The Pleasantville Board of Education approved the district’s $53.8 million budget for 2021-22 last week, providing homeowners with a zero percent tax increase for the second straight year and a tax levy hike of about .6 percent.
The district was able to achieve another flat tax rate by factoring in some of the $623,483 in Foundation Aid, the first part of the state funds owed the district. The remainder of the district’s outstanding Foundation Aid that it is owed is expected from the state in a three-year phase-in: $875,943 in 2022-23 and $876,012 in 2023-24.
To maintain the flat tax rate, $100,000 was added from fund balance.
“Some of the money from the state Foundation Aid will go directly into the budget, which we propose to use to lower the tax levy,” said Tim Whipple, the district’s assistant superintendent for business.
“Every year we have a portion of our total fund balance that we allocate for the specific purpose of maintaining a reasonable tax levy increase for the community,” Whipple added.
The .593 tax levy increase estimates property tax revenue of $38,579,724.
Foundation Aid funds will also go toward hiring two new full-time instructional staffers and one full-time certified teaching assistant. At last week’s board meeting, Superintendent of Schools Mary Fox-Alter said the district already had a blueprint of how to spend the additional money because of guidance from the public, the district’s instructional teams, the board’s goals and Pleasantville’s strategic plan.
“We are certainly looking at instructional enhancements that protect our instructional core but allow us to have more options, more opportunities and to have a greater impact on others,” Fox-Alter said.
Of the two new academic and extended learning support teachers, one will work with students in grades K-4 and the other with grades 5-8. The certified teaching assistant with a bilingual background will help high school English Language Learners.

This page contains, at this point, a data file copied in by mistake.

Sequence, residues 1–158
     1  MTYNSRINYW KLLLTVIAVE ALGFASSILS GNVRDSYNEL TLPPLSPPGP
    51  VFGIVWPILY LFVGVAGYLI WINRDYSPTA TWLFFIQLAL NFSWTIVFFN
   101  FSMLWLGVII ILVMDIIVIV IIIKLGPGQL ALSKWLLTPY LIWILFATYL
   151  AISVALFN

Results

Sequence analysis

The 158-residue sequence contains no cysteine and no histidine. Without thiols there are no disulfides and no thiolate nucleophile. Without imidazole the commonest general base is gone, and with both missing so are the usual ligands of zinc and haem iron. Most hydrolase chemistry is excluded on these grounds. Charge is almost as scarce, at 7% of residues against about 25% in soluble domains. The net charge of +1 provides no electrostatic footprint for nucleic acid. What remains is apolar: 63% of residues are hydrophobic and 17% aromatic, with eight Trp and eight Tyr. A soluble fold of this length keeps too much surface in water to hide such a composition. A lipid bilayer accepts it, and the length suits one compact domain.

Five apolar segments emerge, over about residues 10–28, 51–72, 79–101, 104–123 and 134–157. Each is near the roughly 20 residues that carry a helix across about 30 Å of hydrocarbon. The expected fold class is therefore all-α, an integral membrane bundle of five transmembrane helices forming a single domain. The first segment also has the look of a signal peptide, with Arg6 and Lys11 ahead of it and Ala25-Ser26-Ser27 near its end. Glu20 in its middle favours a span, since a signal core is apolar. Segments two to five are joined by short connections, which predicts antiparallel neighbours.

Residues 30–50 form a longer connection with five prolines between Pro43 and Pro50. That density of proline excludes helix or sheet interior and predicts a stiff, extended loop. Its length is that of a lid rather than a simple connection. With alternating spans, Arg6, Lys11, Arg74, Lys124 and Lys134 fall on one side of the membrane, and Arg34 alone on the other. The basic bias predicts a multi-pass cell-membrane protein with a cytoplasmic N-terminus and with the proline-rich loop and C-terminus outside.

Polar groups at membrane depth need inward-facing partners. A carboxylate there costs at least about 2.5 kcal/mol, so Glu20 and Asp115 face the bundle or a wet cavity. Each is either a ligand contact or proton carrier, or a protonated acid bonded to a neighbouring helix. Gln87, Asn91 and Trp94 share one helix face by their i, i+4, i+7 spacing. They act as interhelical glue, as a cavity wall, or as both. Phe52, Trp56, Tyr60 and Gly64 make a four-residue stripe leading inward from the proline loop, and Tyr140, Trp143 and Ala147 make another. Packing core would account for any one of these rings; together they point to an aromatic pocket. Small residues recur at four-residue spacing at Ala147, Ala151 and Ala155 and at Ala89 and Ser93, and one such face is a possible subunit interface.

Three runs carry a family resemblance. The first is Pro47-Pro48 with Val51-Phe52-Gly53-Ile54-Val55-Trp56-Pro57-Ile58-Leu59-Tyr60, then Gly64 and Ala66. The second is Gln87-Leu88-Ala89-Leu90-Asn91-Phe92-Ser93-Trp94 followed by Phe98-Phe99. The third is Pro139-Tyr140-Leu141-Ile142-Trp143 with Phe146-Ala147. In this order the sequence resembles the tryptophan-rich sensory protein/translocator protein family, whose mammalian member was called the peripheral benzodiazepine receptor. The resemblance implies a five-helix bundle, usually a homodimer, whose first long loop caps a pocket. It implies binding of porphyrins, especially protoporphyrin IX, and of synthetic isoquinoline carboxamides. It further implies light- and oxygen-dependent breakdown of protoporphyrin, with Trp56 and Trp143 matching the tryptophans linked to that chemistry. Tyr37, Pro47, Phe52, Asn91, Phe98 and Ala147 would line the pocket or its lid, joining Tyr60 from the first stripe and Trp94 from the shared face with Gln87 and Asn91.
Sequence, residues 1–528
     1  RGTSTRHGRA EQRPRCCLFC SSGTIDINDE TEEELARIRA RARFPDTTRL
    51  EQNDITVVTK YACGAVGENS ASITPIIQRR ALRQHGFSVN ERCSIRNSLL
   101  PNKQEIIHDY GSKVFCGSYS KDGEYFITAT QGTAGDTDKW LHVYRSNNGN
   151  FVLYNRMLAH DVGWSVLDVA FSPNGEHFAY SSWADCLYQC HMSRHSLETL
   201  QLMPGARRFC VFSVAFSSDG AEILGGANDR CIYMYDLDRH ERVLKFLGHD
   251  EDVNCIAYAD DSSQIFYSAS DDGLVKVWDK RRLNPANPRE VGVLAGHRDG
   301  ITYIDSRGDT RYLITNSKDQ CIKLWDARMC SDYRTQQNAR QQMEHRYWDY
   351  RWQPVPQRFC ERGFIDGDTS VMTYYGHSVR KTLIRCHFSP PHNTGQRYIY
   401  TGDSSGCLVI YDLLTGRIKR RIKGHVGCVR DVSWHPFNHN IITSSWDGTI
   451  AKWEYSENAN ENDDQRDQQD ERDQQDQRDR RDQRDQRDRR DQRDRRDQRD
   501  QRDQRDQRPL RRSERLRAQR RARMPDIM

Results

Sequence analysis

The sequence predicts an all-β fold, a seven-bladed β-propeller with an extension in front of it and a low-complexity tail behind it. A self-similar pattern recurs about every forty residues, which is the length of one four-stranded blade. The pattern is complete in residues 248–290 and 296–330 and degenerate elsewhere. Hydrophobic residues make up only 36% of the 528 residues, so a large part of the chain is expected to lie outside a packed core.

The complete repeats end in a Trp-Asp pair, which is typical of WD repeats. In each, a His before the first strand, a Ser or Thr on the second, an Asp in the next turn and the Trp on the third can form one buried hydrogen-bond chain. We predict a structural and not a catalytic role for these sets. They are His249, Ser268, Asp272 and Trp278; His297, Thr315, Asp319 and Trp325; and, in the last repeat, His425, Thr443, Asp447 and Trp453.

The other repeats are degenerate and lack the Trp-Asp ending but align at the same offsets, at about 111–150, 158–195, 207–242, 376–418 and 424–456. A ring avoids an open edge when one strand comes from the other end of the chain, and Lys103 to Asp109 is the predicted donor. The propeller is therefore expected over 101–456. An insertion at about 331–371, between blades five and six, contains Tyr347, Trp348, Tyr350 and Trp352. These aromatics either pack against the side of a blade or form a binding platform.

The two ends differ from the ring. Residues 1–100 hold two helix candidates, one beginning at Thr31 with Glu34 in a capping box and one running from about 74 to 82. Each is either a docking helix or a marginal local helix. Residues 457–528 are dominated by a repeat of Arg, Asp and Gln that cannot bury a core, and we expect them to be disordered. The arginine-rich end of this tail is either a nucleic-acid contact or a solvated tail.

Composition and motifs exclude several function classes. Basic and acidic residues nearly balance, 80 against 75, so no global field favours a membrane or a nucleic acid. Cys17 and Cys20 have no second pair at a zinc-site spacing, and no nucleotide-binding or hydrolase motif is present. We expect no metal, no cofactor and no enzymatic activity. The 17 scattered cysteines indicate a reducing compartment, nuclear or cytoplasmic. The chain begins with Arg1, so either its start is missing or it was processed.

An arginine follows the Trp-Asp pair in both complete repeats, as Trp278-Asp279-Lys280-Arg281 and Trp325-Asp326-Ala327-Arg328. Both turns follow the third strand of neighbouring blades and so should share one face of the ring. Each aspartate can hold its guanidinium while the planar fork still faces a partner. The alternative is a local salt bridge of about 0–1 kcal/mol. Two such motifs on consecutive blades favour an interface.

The Foundation Aid increase to pay for the new positions will add $280,406 to the budget to cover employee salary and benefits. Another $220,845 was added to pay for additional counseling from Student Assistance Services (SAS) five days a week, up from one day a week this year, a full demographic and enrollment study, and middle-school ventilation improvements.
Next year’s proposed budget also includes other program enhancements such as funds to support staff development for teachers during the summer; more summer school opportunities to help close student learning gaps; Tru-Touch Displays in all classrooms; additional portable devices for grades 2-4; and ClassLink software – Single Sign-On technology for multiple applications.
Last week, school officials briefly discussed using the funds for student health and mental services, a summer learning program, an after-school program and an in-depth study of student needs. The monies could also be used to repair and replace HVAC systems and replace about 13 unit ventilators at the middle school.
The decision of how to use the federal funds will be decided by the wider school community and the public at a later time.
The mandatory public hearing on the budget is May 4. followed by the public vote and Board of Education election on May 18.
Area Board of Education Races
Pleasantville will have a contested school board race next month. While President Lawrence Boes will be leaving the board, Vice President Emily Rubin Persons will see re-election. Challengers Michael Busch and Sara Hukkanen will also be on the ballot in the face for two seats.
Other contested races are in Bedford and Chappaqua. Bedford has four candidates for two available seats, including current incumbent Michael Bauscher. Namasha Schelling, Steven Matlin and Robert Mazurek are the challengers. President Collette Dow will be retiring from the board.
In Chappaqua, the candidates are Ellen Exum and Cailee Hwang for one available seat. Vice President Holly McCall is running for New Castle supervisor and will leave the school board.
Mount Pleasant and Byram Hills will see uncontested races. The three incumbents in Mount Pleasant, Michael Griffin, Michael Horan and President Colleen Scaglione Neglia are the only candidates on the ballot for three seats.
Byram Hills incumbent Scott Levy seeks a third term on the board and will be joined on the ballot by Petrie Verma. Incumbent Michael Sanders will not run for re-election.
Abby is a local journalist who has reported on breaking news for more than 20 years. She currently covers community issues in The Examiner as a full-time reporter and has written for the paper since its inception in 2007. Read more from Abby’s editor-author bio here. Read Abbys’s archived work here: https://www.theexaminernews.com/author/ab-lub2019/